English Language and English Literature
Team Leader – Mrs Claire Morrell
At Northampton School for Boys, we believe that the study of English, in its literary and linguistic spheres, empowers and inspires our students. Their experiences, within and beyond the classroom, are broadened through an exploration of challenging and thought-provoking texts that encompass different times and cultures and encourage students to connect with a variety of voices and perspectives. It is our belief that by firmly rooting students’ Key Stage 3 study in an exploration of literature through time, their engagement and appreciation at Key Stage 4 and 5 will be naturally enriched by the breadth and depth of knowledge they have cultivated.
The academic rigour of our curriculum will allow our students to mature into confident learners who take pride in their knowledge and abilities. The rich diversity of texts studied across all three key stages will nurture and develop students’ intellectual curiosity and their ability to place texts into their literary, historical, social and political contexts.
We will prepare students for life beyond Northampton School for Boys, equipping with learning experiences that will allow them to access higher education and the workplace with confidence. Our broad study of the literary canon enables students to nurture their appreciation of the history and power of language; students are taught to articulate themselves in a variety of spoken and written contexts with confidence and purpose. The ability to discuss, explore and evaluate concepts and ideas with clarity is central to the academic narrative of which we are proud.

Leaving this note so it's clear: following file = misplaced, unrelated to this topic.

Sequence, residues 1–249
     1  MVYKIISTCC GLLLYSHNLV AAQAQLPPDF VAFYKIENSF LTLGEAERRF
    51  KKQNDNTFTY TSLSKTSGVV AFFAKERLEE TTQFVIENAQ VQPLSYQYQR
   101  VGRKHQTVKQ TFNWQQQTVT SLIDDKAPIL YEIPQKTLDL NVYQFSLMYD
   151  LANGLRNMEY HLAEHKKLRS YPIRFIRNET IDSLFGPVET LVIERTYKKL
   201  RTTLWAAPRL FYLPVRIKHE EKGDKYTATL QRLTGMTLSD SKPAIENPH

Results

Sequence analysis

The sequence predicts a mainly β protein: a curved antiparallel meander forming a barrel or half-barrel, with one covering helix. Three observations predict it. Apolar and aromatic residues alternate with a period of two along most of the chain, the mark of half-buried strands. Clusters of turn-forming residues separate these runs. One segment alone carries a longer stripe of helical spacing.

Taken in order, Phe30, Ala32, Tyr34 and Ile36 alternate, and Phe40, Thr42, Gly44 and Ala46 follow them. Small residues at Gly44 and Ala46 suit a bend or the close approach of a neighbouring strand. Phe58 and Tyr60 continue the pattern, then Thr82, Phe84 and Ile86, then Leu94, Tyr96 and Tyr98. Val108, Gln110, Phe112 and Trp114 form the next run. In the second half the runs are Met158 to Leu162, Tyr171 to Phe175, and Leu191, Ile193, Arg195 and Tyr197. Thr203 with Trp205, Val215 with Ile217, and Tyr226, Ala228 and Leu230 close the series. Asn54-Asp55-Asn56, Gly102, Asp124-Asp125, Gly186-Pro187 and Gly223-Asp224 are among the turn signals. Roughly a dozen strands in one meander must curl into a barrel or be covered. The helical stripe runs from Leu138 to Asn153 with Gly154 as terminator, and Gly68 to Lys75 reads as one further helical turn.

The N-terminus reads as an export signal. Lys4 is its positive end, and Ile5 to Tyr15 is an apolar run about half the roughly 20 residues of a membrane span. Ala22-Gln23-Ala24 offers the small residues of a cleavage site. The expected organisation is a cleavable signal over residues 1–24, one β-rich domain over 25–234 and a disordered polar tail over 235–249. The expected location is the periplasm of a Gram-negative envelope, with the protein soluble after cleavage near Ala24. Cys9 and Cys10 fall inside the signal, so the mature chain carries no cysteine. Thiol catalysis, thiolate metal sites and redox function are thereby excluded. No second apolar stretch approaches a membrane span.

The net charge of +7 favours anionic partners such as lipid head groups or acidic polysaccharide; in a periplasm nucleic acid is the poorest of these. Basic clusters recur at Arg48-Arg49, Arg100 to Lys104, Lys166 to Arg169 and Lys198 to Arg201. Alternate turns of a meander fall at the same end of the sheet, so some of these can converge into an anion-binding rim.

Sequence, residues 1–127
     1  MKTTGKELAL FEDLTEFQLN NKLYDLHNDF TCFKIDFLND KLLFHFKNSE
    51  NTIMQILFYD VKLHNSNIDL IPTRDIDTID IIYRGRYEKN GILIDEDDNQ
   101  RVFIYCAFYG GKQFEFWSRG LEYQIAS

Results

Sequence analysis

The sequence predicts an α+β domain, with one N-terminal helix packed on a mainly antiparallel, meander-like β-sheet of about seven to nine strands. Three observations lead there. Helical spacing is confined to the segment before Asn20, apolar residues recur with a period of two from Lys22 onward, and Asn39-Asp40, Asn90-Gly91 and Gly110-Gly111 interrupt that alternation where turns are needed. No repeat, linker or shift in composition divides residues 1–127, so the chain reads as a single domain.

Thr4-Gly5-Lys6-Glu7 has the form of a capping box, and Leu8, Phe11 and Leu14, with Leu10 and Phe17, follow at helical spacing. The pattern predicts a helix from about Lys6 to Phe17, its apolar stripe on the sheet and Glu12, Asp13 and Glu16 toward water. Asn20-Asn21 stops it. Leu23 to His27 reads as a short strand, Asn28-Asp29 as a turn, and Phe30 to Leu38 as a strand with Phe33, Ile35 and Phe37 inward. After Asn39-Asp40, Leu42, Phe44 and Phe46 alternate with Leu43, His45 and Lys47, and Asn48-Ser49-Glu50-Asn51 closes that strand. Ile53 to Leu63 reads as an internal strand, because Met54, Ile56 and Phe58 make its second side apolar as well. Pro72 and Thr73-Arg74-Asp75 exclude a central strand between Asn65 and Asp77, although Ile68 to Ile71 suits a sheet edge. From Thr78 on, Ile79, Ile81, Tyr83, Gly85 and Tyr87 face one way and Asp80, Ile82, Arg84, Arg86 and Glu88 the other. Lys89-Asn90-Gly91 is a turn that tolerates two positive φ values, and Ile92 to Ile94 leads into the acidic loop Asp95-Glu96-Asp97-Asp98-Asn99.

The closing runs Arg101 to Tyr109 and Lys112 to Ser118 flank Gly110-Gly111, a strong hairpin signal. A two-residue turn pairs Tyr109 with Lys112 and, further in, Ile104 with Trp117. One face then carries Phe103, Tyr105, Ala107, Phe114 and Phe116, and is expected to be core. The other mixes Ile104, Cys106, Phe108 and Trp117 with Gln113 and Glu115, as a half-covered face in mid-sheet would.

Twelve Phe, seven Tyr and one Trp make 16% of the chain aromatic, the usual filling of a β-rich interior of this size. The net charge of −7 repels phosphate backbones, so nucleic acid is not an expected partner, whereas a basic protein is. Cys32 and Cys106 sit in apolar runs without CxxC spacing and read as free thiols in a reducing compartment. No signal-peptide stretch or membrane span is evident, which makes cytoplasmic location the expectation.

Ultimately, we hope that students’ experience of English at Northampton School for Boys – a text, a poem, an author – will resonate through the years and foster a life-long love of reading.
Key Stage 3 (Learning Leader: Miss Scott)
Throughout Key Stage 3, we explore the history and progression of the English Language. Starting with Old English, Year 7 begin their curriculum journey with Morpurgo’s translation of ‘Beowulf’; students explore stories of adventure and bravery and craft their own journey of creative writing through their challenge – ‘Escape from Kraznir’. From these origins, we journey through Middle English with Arthurian legends and Geoffrey Chaucer’s ‘The Canterbury Tales’. Students explore religion, morality, sociology, and trace the changes in language across time. In the summer term, we move into Early-Modern English with the study of William Shakespeare’s comedy, ‘A Midsummer Night’s Dream’. With skills in comedic writing, translating Shakespearean language, and Jacobean insults, students have a creative and adventurous encounter with the Bard himself.